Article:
Change is scary for most people, especially when children are involved and there is so much uncertainty about the future. The darkness of divorce is real, and many people find themselves falling into depression, overburdened by stress during this time. That is why this post is dedicated to inspiring hope to hearts that are broken along with the dreams that marriage promised.

Every person who is still living on this planet has a purpose to serve. You wouldn’t be alive if you didn’t have a life assignment. Your divorce is a part of your story now and you can inspire others with your ability to heal and grow from the lessons this experience is teaching you.

How is child support calculated?

If you and your spouse are going through a divorce in Texas and you have children, two important considerations are who will get custody and who will pay for their expenses. There are numerous factors that go into calculating child support, and the court may order one or both parents to contribute financially. 

According to Very Well Family, even in joint custody situations it is better for the child when child support is present. Benefits include:

  • Child's wellbeing is better
  • Easier adjustment for child
  • Better overall social adjustment post-divorce
  • Positive effect on school performance

When a couple has different plans for their future

Marriages break down for different reasons, but some are the result of a couple having different plans for their future. For example, one spouse may want to move to another state, whether they want to be closer to family or pursue more lucrative career opportunities. Or, someone’s spouse may not want to have kids, even though they are determined to have multiple children. These are just some of the differences that married couples sometimes struggle with and in certain instances, these differences can ultimately lead to the breakdown of a marriage.

If you and your marital partner are trying to see eye to eye on an important topic, it is crucial to do what you can to defuse tensions. Even if you do have to eventually split up with your spouse over your differences, it will probably be very helpful for you to stay on good terms with your spouse. For example, if you have kids this can be highly beneficial, and it may also help you work through the divorce process in a less complicated manner.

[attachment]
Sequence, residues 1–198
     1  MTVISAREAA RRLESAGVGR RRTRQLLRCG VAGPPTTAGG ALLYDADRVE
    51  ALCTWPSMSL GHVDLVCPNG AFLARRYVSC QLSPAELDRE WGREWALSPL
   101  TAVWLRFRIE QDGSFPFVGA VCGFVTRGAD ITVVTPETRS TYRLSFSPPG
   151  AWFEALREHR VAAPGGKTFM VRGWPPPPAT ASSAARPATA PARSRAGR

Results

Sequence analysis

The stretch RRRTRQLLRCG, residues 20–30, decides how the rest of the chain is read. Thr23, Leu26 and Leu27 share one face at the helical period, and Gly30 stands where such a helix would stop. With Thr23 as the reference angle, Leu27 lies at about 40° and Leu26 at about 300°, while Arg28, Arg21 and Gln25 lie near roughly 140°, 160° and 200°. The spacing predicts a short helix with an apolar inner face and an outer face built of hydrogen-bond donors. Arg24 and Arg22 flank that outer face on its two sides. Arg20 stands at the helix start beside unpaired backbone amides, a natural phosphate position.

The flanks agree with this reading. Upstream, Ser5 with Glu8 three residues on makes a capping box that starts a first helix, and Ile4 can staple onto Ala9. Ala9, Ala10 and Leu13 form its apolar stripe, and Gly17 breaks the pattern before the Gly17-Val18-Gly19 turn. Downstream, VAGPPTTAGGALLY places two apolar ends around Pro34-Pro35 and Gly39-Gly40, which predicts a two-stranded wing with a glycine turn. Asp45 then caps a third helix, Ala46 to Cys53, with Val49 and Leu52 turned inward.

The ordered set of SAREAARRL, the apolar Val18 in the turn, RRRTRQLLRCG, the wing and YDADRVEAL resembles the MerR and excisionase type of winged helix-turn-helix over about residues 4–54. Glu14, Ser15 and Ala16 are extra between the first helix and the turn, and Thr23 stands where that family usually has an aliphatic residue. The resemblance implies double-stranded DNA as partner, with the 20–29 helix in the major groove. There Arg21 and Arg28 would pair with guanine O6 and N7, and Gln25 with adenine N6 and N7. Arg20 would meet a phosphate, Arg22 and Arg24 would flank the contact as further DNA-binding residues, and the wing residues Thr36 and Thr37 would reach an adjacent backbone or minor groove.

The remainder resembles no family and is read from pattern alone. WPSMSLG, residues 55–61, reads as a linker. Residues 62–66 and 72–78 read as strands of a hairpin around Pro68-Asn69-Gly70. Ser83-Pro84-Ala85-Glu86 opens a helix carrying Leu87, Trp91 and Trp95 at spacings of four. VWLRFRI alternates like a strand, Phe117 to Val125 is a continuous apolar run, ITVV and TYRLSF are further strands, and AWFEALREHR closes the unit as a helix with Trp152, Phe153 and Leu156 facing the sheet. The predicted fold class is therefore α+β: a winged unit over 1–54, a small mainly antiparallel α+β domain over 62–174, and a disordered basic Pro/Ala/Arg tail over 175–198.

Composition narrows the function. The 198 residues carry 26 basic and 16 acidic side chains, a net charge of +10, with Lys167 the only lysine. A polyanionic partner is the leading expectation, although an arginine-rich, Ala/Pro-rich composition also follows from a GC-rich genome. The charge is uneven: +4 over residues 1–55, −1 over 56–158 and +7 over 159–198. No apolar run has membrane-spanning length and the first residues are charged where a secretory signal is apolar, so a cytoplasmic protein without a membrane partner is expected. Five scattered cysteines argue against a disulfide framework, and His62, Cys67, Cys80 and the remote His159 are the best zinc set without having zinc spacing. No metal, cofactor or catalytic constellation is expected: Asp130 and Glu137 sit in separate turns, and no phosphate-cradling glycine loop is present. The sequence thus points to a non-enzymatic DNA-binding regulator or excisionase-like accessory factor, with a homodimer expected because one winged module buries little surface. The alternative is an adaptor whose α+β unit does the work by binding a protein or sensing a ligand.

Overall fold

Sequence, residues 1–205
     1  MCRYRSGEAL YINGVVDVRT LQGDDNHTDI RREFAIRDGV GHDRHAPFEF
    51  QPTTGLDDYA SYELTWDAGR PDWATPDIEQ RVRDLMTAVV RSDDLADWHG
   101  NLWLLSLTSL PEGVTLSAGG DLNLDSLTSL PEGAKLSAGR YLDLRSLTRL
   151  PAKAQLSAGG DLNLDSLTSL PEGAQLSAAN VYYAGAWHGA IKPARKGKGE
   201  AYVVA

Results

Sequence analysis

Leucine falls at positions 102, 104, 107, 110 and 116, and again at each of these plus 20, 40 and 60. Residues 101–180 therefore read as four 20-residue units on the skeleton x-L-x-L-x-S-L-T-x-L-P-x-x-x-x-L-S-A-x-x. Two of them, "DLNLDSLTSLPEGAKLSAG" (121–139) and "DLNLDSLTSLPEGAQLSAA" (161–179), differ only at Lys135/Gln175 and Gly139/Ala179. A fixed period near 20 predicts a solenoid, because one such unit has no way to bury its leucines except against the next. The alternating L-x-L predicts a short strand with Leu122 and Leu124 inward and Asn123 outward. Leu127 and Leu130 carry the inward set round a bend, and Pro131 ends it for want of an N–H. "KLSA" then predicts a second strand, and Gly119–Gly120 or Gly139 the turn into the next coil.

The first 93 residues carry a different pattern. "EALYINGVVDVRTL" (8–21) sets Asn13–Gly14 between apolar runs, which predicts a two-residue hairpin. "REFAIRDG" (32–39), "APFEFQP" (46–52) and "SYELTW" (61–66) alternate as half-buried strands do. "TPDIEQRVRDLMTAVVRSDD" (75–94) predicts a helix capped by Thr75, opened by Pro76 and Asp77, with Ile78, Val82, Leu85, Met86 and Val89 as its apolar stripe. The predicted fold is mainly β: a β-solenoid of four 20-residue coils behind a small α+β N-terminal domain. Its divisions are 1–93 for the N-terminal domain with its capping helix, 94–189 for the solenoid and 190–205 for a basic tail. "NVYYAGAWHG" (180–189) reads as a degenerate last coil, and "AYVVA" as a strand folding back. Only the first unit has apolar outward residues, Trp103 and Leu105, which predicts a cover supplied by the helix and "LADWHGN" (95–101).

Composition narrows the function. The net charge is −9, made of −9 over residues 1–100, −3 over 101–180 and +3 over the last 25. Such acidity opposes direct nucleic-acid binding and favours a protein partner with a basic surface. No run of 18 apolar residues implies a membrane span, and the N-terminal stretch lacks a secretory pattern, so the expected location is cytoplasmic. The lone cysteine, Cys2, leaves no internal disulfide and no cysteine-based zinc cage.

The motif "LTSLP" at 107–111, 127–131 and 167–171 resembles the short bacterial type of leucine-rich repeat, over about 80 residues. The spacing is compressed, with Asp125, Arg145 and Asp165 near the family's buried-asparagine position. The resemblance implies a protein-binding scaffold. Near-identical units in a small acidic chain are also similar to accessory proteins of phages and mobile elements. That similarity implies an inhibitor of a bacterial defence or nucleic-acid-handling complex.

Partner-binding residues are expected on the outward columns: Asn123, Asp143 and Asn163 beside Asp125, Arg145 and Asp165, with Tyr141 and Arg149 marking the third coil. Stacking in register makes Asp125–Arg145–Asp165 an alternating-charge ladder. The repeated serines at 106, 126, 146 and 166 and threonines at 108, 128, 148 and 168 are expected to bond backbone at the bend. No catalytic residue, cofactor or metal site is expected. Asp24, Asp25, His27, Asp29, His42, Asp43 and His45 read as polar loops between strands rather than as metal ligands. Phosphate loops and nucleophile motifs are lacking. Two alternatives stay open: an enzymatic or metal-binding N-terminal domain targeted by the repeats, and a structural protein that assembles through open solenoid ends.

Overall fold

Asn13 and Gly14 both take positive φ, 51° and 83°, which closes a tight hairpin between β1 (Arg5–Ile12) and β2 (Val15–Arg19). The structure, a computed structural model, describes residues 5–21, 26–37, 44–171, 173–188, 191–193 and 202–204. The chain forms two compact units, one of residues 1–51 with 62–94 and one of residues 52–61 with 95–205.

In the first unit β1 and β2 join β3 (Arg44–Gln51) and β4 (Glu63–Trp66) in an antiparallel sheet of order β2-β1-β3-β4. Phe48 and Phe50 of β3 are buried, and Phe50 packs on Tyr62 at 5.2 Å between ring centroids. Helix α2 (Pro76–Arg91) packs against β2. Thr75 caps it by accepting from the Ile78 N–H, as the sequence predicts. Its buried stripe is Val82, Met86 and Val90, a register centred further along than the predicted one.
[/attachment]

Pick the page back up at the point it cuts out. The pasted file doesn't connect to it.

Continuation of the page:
Job-related stress and divorce

Marriages end because of infidelity, abuse and other factors. However, some marriages are brought to an end because of job-related problems, such as high stress levels and working too much. Whether you have been under an intense amount of pressure at your place of employment and your marital partner recently told you they no longer want to stay in the marriage or you wish to break up with your spouse because they are too wrapped up in their job, it is essential to go over your options and take the right approach.

There are many different ways in which stress due to one’s job can place a strain on a marriage. For example, someone who has a lot of commitments at work may not be spending enough time with their family and they may be in the office for too long, coming home late at night. Or, someone may have so much anxiety at their place of work that it carries over into their home life, turning them into a different person who is angry and unpleasant to be around.

How do stepparents fit in?

If you are newly married in Texas, and your spouse has children, you now have a new role as a stepparent. In most situations, your stepchildren may not be too thrilled with the idea of you coming into their lives, and this can lead to resentment and conflict. It may take time, but if you follow these tips the chances of you eventually developing a healthy relationship with them increases.

According to Parents, it is best to take a step back when it comes to entering into this family dynamic. You may want to form an instant bond with the kids, but if you force or rush it, this may never happen. It is important you realize your role, which is more of a supportive position than an authoritative one. Your spouse and the ex should be in charge of rules and discipline, and you need to respect this. Do you disagree with something the ex has done or a decision he/she made? Do you want to say something bad about him/her in front of the kids? Hold your tongue as saying anything will only make things worse.